You would think that those who want to censor books and movies would learn that it always backfires and simply acts as a form of advertising for the particular work in question.
The Dufferin-Peel Catholic board is conducting an informal review of The Golden Compass because concerns have been raised about the children's fantasy book in the neighbouring Halton board.
"It warrants us having a look at it," said community relations manager Bruce Campbell, adding staff members have been assigned to read the book and basically provide a plot synopsis "so we understand what it's about."
The Halton Catholic District School Board has pulled The Golden Compass – an award-winning book set to be released as a major motion picture next month – from library shelves after a complaint.
The other two books in the trilogy by British author Philip Pullman, which have been compared to the Harry Potter series, are also off the shelves for now, but available if students ask for them.
The Halton board is convening a committee to review the book and recommend whether it should be available to children.
Halton Catholic elementary principals were directed not to distribute the December Scholastic flyer because The Golden Compass is available to order.
A board-issued memo says the books are "apparently written by an atheist where the characters and text are anti-God, anti-Catholic and anti-religion."
In the U.S., Catholic groups are urging a boycott of the movie and accuse the books of being anti-Christian and promoting atheism.
Actually even if the author is an atheist and 'anti-god' they are not particular about whose god they are opposed to. Thus to claim the author is Anti-Christian misses the point, if he is Anti-GOD, anti-theism,he is Anti-Muslim, Anti-Judaic, Anti-Buddhist,Anti-Hindu, Anti-Giant Flying Spaghetti Monster, Anti-Cuthulu, etc. etc.
It is a fantasy novel. Get over it.
And as long as public funds pay for Catholic Schools then they are 'public' schools and should not be allowed to censor 'publicly' available reading materials. If you want papal dispensation for your library you can always go private.
Of course in the U.S. they are private schools. And so this is another political campaign by the right wing fundamentalist lobby from the U.S. And of course the atheist threat is much exaggerated as we find out in this article from the Boston Globe. Mr. Kaufman is more of a religious antiestablishmentarian than an atheist. But to the Catholic church it is all heresy.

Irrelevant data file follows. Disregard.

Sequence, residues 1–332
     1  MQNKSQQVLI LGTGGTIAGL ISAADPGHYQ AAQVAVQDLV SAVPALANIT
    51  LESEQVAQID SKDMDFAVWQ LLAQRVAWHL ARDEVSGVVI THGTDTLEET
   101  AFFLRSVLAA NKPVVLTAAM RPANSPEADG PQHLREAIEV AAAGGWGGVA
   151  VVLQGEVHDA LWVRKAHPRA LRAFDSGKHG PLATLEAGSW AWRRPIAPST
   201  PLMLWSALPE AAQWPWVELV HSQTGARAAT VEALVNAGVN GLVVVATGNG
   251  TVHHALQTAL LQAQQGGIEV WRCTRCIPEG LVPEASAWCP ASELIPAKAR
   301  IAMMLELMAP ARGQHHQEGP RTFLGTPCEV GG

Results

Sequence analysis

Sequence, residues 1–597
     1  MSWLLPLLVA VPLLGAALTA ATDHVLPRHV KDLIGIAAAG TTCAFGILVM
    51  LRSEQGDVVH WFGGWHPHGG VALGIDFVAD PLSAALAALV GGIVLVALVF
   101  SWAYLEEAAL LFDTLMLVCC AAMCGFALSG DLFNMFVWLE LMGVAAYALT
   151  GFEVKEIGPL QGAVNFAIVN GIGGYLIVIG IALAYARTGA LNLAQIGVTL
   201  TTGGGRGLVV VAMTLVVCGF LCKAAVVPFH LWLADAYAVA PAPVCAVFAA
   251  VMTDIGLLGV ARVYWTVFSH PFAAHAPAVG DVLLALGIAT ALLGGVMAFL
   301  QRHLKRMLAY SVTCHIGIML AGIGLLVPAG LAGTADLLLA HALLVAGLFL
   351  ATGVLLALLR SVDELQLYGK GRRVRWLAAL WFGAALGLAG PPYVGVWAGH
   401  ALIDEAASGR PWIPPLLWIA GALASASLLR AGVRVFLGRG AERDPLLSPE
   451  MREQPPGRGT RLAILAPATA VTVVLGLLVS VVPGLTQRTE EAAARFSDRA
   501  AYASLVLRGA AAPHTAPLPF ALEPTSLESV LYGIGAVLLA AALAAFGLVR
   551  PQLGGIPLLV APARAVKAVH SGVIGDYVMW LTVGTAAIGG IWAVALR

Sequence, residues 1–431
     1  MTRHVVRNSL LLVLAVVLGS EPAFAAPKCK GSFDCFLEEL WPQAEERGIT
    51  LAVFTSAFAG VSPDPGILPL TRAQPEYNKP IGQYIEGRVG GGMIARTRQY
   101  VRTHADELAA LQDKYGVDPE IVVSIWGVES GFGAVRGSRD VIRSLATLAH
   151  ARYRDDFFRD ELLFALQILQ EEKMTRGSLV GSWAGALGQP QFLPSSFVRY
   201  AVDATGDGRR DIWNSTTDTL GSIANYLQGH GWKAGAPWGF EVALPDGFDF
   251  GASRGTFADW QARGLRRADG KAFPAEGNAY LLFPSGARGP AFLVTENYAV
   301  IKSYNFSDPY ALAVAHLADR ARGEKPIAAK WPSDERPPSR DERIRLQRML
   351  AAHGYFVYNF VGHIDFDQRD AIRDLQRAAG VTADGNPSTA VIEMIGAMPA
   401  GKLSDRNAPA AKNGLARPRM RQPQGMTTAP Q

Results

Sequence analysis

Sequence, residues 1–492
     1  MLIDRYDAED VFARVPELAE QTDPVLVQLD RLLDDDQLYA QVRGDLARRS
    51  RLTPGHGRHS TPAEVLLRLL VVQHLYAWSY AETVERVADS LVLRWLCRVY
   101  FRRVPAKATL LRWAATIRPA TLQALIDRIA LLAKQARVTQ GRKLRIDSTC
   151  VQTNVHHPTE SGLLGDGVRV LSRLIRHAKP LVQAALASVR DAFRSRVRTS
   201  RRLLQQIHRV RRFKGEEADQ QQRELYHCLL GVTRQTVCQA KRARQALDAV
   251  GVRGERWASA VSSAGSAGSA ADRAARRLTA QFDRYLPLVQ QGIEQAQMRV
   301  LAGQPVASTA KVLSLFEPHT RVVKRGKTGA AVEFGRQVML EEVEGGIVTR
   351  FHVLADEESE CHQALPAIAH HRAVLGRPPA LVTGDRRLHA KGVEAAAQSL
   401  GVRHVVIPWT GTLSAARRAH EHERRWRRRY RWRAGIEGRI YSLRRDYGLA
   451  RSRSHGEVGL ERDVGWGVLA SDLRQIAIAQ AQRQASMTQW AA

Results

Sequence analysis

And of course the novel and the movie has witches in it, which is always a good reason for Christian fundamentalists to bash fantasy novels.
ON DEC. 7 New Line Cinema will release "The Golden Compass," starring Nicole Kidman and Daniel Craig, the first movie in a trilogy with the massive budget and family blockbuster potential of "The Lord of the Rings."
Yet, even before it opens, "The Golden Compass" finds itself at the center of a controversy. The Catholic League, a conservative religious organization, launched a campaign on Oct. 9 calling on all Catholics to boycott the film. The group also published a lengthy pamphlet attacking the story and distributed the pamphlet to Catholic schools across the country. Other groups have joined the fray, including the evangelical nonprofit Focus on the Family, whose magazine Plugged In urged parents to keep kids out of theaters showing the film. And the Christian blogosphere is alive with warnings not only about the movie trilogy, but also about the series of books it is based on.Bill Donohue, president of the Catholic League, charges that the books, known as the "His Dark Materials" trilogy, are deeply anti-Christian. Donohue says he fears that the film will inspire parents to purchase "His Dark Materials" for their fantasy-hungry kids on Christmas, unaware that the third book of the series, "The Amber Spyglass," climaxes in an epic battle to destroy God. Some of the book's villains are referred to as the Magisterium - a term used to refer to the Catholic hierarchy. The British author, Philip Pullman, has said openly that he is an atheist, and Donohue charges that his books are designed to eradicate faith among children.